So the organizational goal at the beginning of the season was probably something along the lines of 'Let's be better than last year, let's develop some new players, and let's figure out which players are not going to cut it.'

    About half way in the season, due to some unexpected and better play, at least to Jackson and managment the goal shifted to 'Let's make the playoffs this season.'

    But somehow Coach Fisher either didn't get the message, or, didn't buy in to the new goal as one that was reasonable, and one upon which his performance should be evaluated.

    Against the first set of goals for the season, even at 23-31, Fisher's performance would have at least been 'acceptable.' The team is better than last year, rookie Porzingis has been a pleasant surprise, and (mostly) Fisher has found a way to be competitive game in and game out.

    But against the revised or re-calibrated goal of making the playoffs this season? Well it seems almost certain after losing 9 of 10 that the Knicks are not going to achieve that. Fisher publicly stating that missing that goal 'would not be a disappointment' said to Knicks management that their was a disconnect between what the organization was working towards and what one of its key managers, (Fisher), had in mind. And so Fisher had to go.

    It's ok for leaders to change course, set a new goal mid-stream, or ask even more from people who are performing well. But if those folks you are asking to do more and be better are not fully on board? Well then you have pretty different definitions of 'success' in the organization, and that ultimately will drive a wedge between leadership, management, and employees.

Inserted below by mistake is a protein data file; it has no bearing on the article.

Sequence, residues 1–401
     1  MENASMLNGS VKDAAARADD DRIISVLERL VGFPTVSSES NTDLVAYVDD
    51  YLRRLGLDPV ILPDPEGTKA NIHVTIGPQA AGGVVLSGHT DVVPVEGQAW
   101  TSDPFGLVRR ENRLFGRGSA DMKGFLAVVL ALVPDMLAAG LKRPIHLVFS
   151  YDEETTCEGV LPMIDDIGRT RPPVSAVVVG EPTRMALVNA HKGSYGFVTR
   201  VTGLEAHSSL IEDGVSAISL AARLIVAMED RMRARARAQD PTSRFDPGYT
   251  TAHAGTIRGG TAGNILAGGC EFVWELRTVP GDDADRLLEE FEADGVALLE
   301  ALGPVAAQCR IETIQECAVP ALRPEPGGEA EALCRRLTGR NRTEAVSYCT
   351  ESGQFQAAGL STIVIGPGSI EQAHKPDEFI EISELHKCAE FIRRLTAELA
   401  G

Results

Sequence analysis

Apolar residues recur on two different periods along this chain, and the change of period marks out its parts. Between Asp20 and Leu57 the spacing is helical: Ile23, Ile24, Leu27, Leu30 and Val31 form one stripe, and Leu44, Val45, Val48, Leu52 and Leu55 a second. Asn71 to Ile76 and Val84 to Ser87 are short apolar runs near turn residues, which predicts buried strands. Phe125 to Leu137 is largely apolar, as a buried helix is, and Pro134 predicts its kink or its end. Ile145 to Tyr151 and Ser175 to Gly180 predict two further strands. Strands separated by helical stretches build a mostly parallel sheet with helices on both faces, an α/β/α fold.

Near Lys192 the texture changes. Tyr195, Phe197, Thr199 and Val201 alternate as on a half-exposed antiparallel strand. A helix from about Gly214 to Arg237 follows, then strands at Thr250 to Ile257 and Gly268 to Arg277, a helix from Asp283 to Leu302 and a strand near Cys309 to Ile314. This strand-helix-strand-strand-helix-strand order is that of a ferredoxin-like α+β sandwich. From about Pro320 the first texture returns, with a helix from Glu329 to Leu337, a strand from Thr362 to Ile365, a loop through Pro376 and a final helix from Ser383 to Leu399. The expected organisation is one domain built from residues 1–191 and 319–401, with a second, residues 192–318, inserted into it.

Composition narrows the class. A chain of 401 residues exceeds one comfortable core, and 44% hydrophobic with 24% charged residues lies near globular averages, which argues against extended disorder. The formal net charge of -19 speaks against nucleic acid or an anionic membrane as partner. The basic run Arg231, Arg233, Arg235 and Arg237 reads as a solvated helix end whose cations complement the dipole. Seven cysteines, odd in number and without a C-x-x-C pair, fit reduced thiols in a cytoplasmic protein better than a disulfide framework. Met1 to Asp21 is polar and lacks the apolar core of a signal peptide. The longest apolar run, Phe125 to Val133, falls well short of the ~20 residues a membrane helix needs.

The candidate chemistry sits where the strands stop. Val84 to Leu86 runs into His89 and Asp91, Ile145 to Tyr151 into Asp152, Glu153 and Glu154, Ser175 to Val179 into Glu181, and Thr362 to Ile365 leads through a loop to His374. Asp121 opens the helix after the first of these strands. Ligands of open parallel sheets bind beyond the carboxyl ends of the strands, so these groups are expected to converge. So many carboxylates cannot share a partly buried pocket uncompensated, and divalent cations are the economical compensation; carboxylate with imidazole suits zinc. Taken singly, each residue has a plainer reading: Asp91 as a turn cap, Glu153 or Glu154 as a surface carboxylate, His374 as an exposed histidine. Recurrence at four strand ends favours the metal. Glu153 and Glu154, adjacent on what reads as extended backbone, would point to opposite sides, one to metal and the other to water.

Note: I have probably watched 45 or so of the Knicks 54 games this season. I don't think they are a playoff team either.

    Friday
    Dec232016

    Another way of winning

    I have only a very few things I care about deeply, (Note: I am talking about 'things', not people here). 

    One of those things is the New York Knicks who are, (for now), in the midst of their best season in the last few years. 

    One other sports-related thing I care about deeply are my beloved Liverpool Reds of the English Premier League who are also in the midst of a fine season, currently sitting in second place only a few points behind the leaders. Liverpool play an exciting, attacking brand of football/soccer, and as has been in the past few years have paired a dynamic and high scoring offense, with a porous, weak defense. Liverpool often concede goals in the most embarrassing ways, and with regularity.

    This lack of maturity and poise in their defense and goalkeeping is what is usually cited as the reason that despite their ability to create and score amazing goals, Liverpool will never be a real title contender. They simply for the most part have shown only one way to compete - run and press as much as possible, and hope to simply outscore their opponents 4-3 or 5-2, etc.

    While this approach can win some games, and is really entertaining to watch, it probably isn't the best way to win championships.

    Why the deep dive into a soccer club that you don't care about?

    Because a recent Liverpool match against rival Everton, won by my Reds 1-0, was interesting not only from a sports perspective, but what it also reminds us about the importance of adaptability in work, business, and our careers. 

    From the Bleacher Report coverage of the match: